Disclaimer: I am still in the process of exiting the rat race. I have not successfully exited the rat race yet.
So you’ve decided you want to exit the rat race?
You may be able to exit the rat race through a different technique but these are the general requirements for my technique.
Well first you need a very, very, well thought out plan. Then you need considerable amounts of money and a willingness to live a simple life. Then you need to be willing to live out in the countryside. Then you need to have not many expensive medical costs.
Still on board?
Good, I’m tired of typing sentences here’s a list.
- Willing to live in the countryside
- Money and the ability to manage it VERY well
- Hard work
- Ability to plan
- Ability to grow food
- Ability to learn how to build infrastructure
- No colossal health costs
- Not super materialistic
- Able to adapt
- Able to bring in an income, cottage business?
- Able to appease or avoid government bureaucrats
I’m sure there are thousands of ways to exit the rat race but I am going to present to you the one that I have chosen.
- Learn everything possible about sustainable food production
- Learn everything possible about building a sustainable, cheap, off the grid house. Build the house yourself to save massive amounts of money.
- Save the required amount of money. We’re talking about starting the project with around $45,000 dollars in the bank if you are doing this fairly cheaply. You can take out a loan if you want. I don’t recommend being more than $20,000 in debt. Really, taking any debt is not advisable. But I think these are desperate and unstable times and that it is better to get land sooner rather than later. —–Land = $20,000 (including a road)—-House=$25,000—-Raised beds and other infrastructure=$10,000——(TIP —Build a cheap house (later to be repurposed as a work shed) and infrastructure then improve when you save more money. Build your homestead fairly gradually.)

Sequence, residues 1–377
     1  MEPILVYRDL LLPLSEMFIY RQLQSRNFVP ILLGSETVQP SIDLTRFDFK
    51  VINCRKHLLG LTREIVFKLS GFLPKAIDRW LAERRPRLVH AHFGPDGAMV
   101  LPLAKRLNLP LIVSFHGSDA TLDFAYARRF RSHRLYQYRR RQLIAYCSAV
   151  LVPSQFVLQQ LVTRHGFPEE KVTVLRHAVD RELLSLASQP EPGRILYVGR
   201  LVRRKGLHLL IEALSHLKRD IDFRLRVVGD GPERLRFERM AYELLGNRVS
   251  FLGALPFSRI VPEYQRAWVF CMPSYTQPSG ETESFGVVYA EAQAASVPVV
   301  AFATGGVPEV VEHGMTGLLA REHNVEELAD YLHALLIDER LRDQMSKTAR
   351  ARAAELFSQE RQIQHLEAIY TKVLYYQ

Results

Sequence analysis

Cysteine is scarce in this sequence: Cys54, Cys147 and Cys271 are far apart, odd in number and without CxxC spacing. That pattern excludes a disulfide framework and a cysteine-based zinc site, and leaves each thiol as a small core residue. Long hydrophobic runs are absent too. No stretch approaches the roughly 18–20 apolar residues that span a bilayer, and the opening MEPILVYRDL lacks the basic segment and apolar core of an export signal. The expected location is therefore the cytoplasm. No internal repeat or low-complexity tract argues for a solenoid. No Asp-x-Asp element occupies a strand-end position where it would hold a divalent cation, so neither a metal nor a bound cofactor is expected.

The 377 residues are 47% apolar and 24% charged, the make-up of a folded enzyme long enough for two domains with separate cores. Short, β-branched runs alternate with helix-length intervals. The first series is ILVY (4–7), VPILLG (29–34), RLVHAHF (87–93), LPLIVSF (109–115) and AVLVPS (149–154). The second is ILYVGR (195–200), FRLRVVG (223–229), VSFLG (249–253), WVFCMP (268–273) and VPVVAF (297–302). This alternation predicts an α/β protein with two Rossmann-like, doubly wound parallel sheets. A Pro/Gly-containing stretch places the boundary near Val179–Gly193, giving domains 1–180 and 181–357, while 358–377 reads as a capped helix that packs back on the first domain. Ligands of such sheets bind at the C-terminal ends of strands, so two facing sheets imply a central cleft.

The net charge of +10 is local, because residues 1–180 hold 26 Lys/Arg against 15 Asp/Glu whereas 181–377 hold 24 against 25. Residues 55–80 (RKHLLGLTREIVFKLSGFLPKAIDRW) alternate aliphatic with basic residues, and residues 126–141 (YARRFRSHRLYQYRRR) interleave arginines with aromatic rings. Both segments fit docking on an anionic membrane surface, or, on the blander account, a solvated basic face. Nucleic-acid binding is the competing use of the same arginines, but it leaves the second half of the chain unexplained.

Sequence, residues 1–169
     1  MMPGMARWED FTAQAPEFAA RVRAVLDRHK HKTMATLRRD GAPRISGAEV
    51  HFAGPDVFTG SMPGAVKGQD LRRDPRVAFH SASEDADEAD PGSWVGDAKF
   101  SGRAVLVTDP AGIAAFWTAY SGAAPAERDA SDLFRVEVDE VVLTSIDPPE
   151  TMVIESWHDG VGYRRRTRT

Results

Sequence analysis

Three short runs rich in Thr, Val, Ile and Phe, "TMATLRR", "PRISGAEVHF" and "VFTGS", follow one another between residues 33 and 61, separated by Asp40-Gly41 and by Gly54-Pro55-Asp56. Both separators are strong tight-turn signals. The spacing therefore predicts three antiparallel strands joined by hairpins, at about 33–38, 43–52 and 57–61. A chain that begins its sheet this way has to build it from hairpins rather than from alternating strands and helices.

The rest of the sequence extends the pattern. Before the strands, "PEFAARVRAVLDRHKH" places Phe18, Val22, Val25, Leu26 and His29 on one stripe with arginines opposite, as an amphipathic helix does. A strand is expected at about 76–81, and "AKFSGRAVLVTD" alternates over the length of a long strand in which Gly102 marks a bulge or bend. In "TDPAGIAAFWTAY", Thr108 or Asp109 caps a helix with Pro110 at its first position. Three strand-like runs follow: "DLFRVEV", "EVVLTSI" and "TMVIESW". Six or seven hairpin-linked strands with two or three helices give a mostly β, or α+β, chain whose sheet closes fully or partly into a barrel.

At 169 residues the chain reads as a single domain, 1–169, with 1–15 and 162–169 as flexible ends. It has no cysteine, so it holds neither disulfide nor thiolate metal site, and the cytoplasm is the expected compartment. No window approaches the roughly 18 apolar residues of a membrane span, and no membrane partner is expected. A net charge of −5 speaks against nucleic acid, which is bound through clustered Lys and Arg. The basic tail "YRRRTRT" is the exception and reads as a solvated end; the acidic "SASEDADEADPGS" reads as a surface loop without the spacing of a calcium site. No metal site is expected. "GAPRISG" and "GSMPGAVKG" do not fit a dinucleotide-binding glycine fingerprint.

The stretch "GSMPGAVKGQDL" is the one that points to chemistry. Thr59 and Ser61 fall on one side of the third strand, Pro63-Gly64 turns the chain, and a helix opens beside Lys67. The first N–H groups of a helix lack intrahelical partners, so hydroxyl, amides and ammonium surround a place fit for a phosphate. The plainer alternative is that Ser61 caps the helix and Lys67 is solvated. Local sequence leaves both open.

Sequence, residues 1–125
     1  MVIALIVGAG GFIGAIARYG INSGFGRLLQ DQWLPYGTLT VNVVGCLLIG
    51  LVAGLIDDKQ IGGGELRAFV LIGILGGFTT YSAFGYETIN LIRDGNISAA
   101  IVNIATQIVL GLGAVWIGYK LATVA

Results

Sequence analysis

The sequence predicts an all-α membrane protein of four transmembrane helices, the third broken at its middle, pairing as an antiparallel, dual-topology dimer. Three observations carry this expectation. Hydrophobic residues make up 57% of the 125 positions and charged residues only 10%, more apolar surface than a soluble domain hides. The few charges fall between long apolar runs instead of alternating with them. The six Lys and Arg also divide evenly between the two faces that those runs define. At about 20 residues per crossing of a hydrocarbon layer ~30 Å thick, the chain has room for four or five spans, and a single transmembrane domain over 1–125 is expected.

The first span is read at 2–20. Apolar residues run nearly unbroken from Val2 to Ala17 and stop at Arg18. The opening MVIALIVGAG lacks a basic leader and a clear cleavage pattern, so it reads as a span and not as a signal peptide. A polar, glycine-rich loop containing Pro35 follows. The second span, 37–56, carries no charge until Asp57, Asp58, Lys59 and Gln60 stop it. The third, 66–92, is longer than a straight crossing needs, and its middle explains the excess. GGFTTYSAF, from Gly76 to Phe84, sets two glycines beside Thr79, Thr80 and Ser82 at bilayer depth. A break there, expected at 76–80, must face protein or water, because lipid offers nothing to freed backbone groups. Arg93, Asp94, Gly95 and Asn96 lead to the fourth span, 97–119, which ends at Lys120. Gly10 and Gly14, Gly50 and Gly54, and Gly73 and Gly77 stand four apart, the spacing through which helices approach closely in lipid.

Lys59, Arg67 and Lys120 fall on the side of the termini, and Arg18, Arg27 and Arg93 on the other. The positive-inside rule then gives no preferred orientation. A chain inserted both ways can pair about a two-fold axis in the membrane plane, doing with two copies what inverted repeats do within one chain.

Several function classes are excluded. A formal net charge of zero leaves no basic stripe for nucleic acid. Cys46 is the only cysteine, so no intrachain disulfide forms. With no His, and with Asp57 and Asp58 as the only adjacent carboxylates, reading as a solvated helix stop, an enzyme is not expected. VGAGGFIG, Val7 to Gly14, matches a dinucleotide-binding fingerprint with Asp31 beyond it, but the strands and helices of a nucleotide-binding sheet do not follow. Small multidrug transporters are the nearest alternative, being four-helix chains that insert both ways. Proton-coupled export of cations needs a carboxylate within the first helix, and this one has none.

- Build your infrastructure. I predict it will take 6 months of steady labor to build a gravel road, small house (200 square feet), small bath house (200 square feet), and 10 raised beds. (TIP—-used recycled materials/cheap materials off craigslist) (Ask for help but don’t count on it)
- Continue to improve your property. Get involved in growing organic food for CSAs and Farmer’s Markets.
- There is a good chance you will still have to have a regular job at least for 6 months out of the year for several years until you are able to save enough money. That’s not ideal but at least we are not talking about working a 40 hours a week for 45 years at a job you don’t like.
- Find a partner. This will alleviate financial requirements considerably if done correctly. Do not get legally married as this can cause financial ruin if you become divorced.
- Do not have children. Children cost $250,000 to raise from 0 to 18 years old on average. If you do you WILL have to work MUCH harder. Plus the world’s already overpopulated and the future isn’t looking so bright for future generations at the moment.
- Let your business or income grow. You will likely need $8,000 a year to pay for basic living expenses. That is the expense per person. A realistic and ideal income would be $16,000 per person, after taxes. This would allow you to save $8,000 a year for retirement.
- Meditate, read, eat good food, make love to your soul mate.
- Enjoy the rest of your life. You no longer have to be a wage slave. You are free from the shackles of a 30 year mortgage. You have all the fresh and healthy food you could ever want. You get enough exercise everyday. You get fresh, unpolluted air every day. You are the master of your own destiny. You are doing something meaningful. You are not destroying the environment. You are not in debt. You are as free as anyone who ever walked the planet.
- Join an ecovillage or intentional community (Easiest)
- Find a homesteader and marry them
- Move to a different country with low cost of living (I.E. Costa Rica)
- Start an intentional community or ecovillage (90% of them fail within the first year)
- Live in your parent’s basement